Canadians' possible role in Algeria attack of great concern to U.S.

Thu Jan 31, 2013 5:20pm EST
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By Mark Hosenball

WASHINGTON (Reuters) - Signs that Canadian citizens were involved in the attack by hostage-taking Islamist militants on a remote gas plant in Algeria are of great concern to American authorities, U.S. intelligence officials said on Thursday.

While Algerian authorities apparently have not yet provided Western governments with cast-iron proof, a senior U.S. intelligence official said, "We're taking very seriously the reports of the two Canadians' involvement."

Washington has also received intelligence indicating that Mokhtar Belmokhtar, the one-eyed militant who allegedly organized the gas plant attack, and other militants belonging to, or affiliated with al Qaeda's North African branch are plotting new attacks on Western interests, both in the region and beyond, U.S. officials said.

But the information indicates, for now, that such plotting is "aspirational" - in discussion or planning phases - rather than operational. The intelligence officials, who spoke on condition of anonymity, said that meant they were not aware of plots actually in progress to attack U.S. or other Western interests.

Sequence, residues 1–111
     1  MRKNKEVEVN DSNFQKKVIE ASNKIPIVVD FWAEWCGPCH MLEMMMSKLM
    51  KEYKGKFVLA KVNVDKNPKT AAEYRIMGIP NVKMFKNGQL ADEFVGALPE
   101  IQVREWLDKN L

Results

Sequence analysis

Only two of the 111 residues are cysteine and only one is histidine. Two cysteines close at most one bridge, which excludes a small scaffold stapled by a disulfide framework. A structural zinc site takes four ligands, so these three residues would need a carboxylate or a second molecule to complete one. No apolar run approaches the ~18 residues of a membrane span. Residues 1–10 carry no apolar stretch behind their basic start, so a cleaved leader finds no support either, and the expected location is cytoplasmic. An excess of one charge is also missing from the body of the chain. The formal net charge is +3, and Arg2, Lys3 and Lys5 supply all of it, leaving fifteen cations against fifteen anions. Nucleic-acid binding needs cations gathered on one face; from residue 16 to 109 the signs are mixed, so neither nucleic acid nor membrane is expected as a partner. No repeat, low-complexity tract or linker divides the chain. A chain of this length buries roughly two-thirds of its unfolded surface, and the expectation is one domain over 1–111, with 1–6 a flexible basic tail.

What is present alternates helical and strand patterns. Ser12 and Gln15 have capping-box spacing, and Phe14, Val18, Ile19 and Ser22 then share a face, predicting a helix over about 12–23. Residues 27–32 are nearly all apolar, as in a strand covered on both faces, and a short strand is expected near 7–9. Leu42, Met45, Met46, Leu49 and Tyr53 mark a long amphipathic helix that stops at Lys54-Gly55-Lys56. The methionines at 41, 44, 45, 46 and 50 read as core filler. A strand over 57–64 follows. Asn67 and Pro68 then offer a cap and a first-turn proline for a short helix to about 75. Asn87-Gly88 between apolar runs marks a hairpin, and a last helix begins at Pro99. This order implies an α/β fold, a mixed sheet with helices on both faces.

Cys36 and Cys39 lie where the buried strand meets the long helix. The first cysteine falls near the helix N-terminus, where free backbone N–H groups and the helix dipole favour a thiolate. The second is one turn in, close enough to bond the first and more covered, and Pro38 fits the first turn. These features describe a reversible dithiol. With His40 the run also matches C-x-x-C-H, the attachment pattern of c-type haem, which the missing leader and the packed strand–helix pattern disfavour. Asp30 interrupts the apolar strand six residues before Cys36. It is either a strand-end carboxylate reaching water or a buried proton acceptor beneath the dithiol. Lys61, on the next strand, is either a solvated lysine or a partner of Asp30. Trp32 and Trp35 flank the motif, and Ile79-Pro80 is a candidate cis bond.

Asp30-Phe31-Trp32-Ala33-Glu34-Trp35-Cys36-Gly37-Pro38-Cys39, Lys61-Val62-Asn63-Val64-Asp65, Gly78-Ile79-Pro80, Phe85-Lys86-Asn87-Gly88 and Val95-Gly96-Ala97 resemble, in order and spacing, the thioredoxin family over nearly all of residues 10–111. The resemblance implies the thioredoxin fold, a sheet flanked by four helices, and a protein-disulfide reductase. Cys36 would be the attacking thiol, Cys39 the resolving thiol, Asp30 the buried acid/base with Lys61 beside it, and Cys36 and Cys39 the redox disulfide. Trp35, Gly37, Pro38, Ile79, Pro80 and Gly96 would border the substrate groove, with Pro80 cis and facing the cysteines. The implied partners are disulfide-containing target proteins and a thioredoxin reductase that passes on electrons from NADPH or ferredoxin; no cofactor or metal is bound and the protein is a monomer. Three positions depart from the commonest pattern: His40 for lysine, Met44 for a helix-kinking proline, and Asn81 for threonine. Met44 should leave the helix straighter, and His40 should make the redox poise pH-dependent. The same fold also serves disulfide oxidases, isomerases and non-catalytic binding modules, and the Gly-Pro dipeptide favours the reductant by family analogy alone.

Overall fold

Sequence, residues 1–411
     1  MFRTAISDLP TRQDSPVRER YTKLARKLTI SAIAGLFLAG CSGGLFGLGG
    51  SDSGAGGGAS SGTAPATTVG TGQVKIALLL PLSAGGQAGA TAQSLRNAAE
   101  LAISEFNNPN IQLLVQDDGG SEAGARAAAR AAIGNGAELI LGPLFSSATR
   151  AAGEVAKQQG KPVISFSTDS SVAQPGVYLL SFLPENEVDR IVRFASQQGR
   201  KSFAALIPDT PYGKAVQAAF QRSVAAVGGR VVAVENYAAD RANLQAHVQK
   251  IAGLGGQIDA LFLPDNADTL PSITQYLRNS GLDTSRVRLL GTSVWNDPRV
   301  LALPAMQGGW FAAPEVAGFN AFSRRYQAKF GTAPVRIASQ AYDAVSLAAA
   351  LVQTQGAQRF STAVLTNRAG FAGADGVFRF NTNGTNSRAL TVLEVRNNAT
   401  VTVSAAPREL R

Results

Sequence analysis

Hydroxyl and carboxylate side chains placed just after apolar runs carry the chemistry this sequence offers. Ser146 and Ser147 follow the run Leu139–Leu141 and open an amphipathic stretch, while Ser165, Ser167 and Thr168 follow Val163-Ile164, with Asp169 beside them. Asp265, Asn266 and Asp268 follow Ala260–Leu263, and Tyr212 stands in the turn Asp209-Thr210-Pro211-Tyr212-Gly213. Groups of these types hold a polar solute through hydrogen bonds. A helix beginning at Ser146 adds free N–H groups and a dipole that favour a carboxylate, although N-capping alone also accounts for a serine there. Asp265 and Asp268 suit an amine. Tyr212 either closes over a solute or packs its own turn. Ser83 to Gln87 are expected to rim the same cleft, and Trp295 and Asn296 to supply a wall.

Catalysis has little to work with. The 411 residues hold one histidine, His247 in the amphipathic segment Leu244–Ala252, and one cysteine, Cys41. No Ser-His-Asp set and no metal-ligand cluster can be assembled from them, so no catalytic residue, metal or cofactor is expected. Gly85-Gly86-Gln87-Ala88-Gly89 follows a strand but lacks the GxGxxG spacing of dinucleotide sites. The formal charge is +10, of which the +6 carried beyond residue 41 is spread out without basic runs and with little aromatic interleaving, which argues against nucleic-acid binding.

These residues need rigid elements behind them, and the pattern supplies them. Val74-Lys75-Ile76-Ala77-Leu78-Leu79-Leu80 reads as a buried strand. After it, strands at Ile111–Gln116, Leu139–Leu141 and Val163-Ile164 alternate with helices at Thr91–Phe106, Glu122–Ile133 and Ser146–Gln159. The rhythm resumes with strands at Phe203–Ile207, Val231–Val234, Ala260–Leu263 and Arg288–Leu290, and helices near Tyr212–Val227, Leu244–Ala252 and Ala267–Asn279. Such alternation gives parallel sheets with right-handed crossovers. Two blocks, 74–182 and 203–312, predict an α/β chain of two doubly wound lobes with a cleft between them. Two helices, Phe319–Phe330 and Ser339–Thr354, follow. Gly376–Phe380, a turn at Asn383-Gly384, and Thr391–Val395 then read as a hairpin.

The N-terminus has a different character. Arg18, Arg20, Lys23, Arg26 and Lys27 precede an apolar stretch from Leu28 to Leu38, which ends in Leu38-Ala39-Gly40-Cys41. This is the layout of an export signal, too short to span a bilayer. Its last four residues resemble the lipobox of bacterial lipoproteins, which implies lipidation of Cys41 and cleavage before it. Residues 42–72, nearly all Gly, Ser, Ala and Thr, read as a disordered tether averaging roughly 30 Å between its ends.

Confirmation that Canadian citizens were involved in the attack on the In Amenas facility in the Algerian desert would raise concerns about a worrying nexus between North America and North African militants.

At least 38 plant workers, including citizens of Japan, the United States, Britain and France, and nearly 30 militants were killed in the operation to retake control of the facility.

After their security forces stormed the facility, operated by Britain's BP and Norway's Statoil, Algerian officials said two Canadians were among the attackers and that one of them coordinated the attack.

Some witnesses, whom Western national security sources consider credible, said one of the hostage-takers spoke English with either a North American or British accent.   Continued...

A general view of damage caused by a siege by Islamist militants earlier this month at the Tiguentourine Gas Plant in In Amenas, 1600 km (994 miles) southeast of Algiers, January 31, 2013. REUTERS/Louafi Larbi